2007 Australia’s first truffle festival

Truffle hunt at Manjimup

Although Australia’s first farmed black truffle was harvested in 1999 in Tasmania, Australia’s first truffle festival took place in an outer suburb of Perth: Mundaring. The truffles came from Manjimup, 300km or so to the south. The festival ran successfully for six years and in 2012 was named among the top five truffle festivals of the world. In 2013, though,  insurance issues brought the organisers into conflict with their State Government sponsors and the festival was cancelled.

By then the action had moved to Manjimup itself. In 2011 the first Truffle Kerfuffle was held. This takes place annually over a weekend in late June, with masterclasses, cooking demonstrations, produce stalls and grand dinners – all the stuff a good truffle festival is made of. It’s designed to showcase, not just the truffle, but the food and wine of the Great Southern region of Western Australia.

Carluccio, patron of Canberra truffle festival. Photo: Aurore Harden

Inspired by the Western Australians, a truffle grower in the Canberra region decided that a Canberra truffle festival would help to create a market for the local growers. The aim was to educate both the local chefs and the public about the truffle – how to cook it and how to eat it. The first Capital Country Truffle Festival took place in 2009. It was not a weekend event but extended from the mid-winter solstice through July into early August – as long as the season lasted.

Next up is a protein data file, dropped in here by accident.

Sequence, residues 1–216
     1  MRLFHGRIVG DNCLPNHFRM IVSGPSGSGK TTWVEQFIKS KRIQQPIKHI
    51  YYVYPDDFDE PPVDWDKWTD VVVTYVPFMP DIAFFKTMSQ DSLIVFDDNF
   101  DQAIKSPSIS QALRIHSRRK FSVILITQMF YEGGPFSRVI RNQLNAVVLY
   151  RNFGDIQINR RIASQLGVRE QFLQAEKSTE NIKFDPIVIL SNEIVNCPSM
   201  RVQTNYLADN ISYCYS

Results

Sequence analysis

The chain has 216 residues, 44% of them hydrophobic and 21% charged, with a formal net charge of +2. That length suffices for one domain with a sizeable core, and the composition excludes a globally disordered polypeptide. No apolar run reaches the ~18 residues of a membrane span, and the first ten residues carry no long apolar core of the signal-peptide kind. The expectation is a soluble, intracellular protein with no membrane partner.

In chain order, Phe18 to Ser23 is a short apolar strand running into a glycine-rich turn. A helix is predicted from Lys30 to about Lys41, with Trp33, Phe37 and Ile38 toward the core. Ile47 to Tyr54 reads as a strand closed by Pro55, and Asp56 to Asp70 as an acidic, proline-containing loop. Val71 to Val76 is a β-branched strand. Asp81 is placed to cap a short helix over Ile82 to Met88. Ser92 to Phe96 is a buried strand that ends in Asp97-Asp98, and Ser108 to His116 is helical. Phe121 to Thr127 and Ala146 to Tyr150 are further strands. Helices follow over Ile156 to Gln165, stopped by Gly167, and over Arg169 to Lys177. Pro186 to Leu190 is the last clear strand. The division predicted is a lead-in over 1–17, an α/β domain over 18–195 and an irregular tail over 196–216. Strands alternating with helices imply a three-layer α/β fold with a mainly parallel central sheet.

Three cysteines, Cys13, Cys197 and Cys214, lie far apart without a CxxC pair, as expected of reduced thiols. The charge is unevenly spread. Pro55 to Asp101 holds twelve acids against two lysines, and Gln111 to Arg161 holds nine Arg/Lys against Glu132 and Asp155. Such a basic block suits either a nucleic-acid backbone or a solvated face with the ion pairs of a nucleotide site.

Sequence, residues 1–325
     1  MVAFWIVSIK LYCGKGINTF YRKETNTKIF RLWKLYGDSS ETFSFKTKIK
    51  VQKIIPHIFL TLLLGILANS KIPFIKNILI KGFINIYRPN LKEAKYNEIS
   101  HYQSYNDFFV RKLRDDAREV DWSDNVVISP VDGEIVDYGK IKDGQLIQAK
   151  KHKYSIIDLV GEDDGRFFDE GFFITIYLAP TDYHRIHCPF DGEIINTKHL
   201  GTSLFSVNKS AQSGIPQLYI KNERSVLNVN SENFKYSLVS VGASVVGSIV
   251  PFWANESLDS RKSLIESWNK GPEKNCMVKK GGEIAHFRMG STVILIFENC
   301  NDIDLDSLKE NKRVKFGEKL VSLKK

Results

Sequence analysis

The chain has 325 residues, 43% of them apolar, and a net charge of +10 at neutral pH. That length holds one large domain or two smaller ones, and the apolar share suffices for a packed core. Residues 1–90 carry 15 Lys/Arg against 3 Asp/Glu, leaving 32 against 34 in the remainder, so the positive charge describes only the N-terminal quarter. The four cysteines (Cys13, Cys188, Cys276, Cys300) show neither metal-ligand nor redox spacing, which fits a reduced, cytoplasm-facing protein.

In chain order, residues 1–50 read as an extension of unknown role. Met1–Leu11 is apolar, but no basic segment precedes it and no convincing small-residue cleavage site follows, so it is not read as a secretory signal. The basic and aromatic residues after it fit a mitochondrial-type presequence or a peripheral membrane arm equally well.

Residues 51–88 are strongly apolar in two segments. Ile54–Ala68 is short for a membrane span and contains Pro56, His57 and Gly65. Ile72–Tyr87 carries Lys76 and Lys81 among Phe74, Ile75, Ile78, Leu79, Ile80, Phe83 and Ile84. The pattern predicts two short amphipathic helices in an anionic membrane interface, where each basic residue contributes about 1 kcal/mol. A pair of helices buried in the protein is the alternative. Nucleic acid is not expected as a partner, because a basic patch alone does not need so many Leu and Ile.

During this time, local restaurants were encouraged to participate by including truffles on their menus, or by planning special degustation dinners. Truffle growers conducted hunts, a local brewery produced truffled ale,  there were cooking classes and truffles were on sale at the local markets. In 2014, Antonio Carluccio – one of TV’s Two Fat Italians – was the patron and star attraction of the Canberra festival.

Truffle Melbourne, staged at the Caulfield Racecourse in 2014, got off to a promising start as a weekend truffle festival, but later changed its format to encompass a range of events at various locations including on the Mornington Peninsula. The Melbourne organisers extended their reach interstate with Truffle Adelaide  – a mini-festival largely based around the Adelaide markets.

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